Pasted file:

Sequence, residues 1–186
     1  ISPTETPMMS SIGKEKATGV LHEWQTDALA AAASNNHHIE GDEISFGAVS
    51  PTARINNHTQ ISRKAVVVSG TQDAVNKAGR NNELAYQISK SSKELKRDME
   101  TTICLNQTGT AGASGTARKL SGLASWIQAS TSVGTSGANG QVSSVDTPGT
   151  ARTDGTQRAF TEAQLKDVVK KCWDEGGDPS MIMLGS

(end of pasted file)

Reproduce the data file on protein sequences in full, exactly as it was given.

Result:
Sequence, residues 1–186
     1  ISPTETPMMS SIGKEKATGV LHEWQTDALA AAASNNHHIE GDEISFGAVS
    51  PTARINNHTQ ISRKAVVVSG TQDAVNKAGR NNELAYQISK SSKELKRDME
   101  TTICLNQTGT AGASGTARKL SGLASWIQAS TSVGTSGANG QVSSVDTPGT
   151  ARTDGTQRAF TEAQLKDVVK KCWDEGGDPS MIMLGS